Comedy actor, writer and director Harold Ramis is best known for the 1984 film Ghostbusters, which he co-wrote and starred in along with Bill Murray and Dan Aykroyd. Ramis had co-written and planned to star in the long-awaited Ghostbusters IIIbut did not get the chance. Ramis died Monday in Chicago from an autoimmune disorder. He was 69 years old.

Ramis co-wrote Animal House, Meatballs and Stripes. He co-wrote and directed Caddyshack, and directed Murray in Groundhog Day.

Today, we remember Ramis with excerpts from a 2005 interview with Fresh Air's Terry Gross:

"I played a lot of weasels, a lot of cowards; sweating cowards was my thing. I used to play like hippies and, like, counterculture guys, and [John] Belushi kind of took that over, so I moved into the coward role. … The other thing I would always play was the character called "specs" or "the professor." I’d play the brainy guy, which I ended up doing, of course, in Ghostbusters.”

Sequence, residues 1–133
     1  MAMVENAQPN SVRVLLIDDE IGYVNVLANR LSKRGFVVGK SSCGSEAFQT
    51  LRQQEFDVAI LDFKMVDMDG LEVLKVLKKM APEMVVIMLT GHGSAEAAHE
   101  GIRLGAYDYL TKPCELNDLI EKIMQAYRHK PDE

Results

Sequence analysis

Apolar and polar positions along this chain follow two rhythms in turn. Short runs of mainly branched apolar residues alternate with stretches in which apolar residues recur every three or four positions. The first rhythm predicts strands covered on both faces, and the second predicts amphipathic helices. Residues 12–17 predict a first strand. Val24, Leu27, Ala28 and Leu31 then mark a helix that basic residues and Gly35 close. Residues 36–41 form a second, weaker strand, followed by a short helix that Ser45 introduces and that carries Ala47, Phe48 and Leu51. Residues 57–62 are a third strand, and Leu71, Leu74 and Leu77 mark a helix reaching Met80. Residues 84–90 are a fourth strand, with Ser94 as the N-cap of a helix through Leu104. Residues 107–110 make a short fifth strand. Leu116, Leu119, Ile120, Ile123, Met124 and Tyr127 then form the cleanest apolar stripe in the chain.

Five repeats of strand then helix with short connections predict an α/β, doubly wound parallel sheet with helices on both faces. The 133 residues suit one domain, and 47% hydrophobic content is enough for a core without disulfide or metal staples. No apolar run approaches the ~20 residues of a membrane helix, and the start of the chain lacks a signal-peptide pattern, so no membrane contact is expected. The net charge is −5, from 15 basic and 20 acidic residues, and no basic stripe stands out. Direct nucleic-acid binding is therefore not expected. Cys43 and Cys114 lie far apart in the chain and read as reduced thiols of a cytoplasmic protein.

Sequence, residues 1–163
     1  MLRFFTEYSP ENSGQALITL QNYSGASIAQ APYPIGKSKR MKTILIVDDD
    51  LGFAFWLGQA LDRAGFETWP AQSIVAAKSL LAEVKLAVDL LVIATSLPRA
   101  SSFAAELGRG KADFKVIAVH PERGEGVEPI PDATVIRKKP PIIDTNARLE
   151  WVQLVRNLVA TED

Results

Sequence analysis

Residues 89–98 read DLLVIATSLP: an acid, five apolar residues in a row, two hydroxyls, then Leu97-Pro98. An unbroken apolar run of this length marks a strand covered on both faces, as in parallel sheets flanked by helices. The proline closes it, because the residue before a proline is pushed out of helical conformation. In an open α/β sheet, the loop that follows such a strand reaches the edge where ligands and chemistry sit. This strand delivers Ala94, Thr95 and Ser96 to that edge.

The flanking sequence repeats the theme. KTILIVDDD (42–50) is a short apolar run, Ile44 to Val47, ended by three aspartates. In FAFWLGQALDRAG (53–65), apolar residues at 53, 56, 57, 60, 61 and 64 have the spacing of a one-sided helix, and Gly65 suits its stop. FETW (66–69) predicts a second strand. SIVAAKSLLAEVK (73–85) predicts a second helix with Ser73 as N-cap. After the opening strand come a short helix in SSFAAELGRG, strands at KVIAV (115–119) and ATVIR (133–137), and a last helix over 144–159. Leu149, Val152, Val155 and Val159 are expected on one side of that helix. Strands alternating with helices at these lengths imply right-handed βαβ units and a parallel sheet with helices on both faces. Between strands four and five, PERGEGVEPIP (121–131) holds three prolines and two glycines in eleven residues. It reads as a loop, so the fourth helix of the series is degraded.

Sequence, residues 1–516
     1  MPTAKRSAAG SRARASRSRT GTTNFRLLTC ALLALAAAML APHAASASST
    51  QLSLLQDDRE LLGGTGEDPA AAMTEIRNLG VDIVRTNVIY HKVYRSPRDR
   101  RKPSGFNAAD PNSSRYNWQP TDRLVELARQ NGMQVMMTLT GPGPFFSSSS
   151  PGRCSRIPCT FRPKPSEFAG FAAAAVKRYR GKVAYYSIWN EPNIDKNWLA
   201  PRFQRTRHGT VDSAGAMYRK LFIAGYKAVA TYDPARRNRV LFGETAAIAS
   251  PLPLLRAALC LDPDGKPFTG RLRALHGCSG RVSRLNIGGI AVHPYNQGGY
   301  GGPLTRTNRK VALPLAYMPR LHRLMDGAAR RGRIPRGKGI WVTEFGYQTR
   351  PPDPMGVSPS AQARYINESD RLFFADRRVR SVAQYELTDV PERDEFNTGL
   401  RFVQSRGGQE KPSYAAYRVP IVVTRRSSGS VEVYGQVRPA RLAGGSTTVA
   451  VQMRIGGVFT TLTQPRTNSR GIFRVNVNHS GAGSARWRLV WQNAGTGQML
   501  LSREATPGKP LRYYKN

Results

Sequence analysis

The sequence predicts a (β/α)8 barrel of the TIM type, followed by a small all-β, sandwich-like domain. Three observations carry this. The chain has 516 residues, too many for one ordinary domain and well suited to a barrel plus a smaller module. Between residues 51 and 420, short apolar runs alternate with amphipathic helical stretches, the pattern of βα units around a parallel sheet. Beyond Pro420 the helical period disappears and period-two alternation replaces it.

image via US Magazine Credit: Columbia/courtesy Everett Collection

Sad news from the comedy world as yesterday we learned of the passing of the legendary comedic writer, director, and actor Harold Ramis. He is a man largely responsible for some of the biggest and most memorable film comedies of all-time that include National Lampoon’s Animal House, Caddyshack, Stripes, National Lampoon’s Vacation and Groundhog Day. Of course most of us will forever remember him in the role of Dr. Egon Spengler (a man whose hobbies included collecting “molds, spores and fungus”) in the iconic 1984 film Ghostbusters. Ramis of course was no stranger to the NYPL as you can see in the photo above from the day of the Ghostbusters film shoot at the Library’s Stephen A. Schwarzman Building at 42nd Street. To purposely (mis)quote Dr. Peter Venkman at the end of Ghostbusters: “See you on the other side Mr. Ramis.”  You will be missed.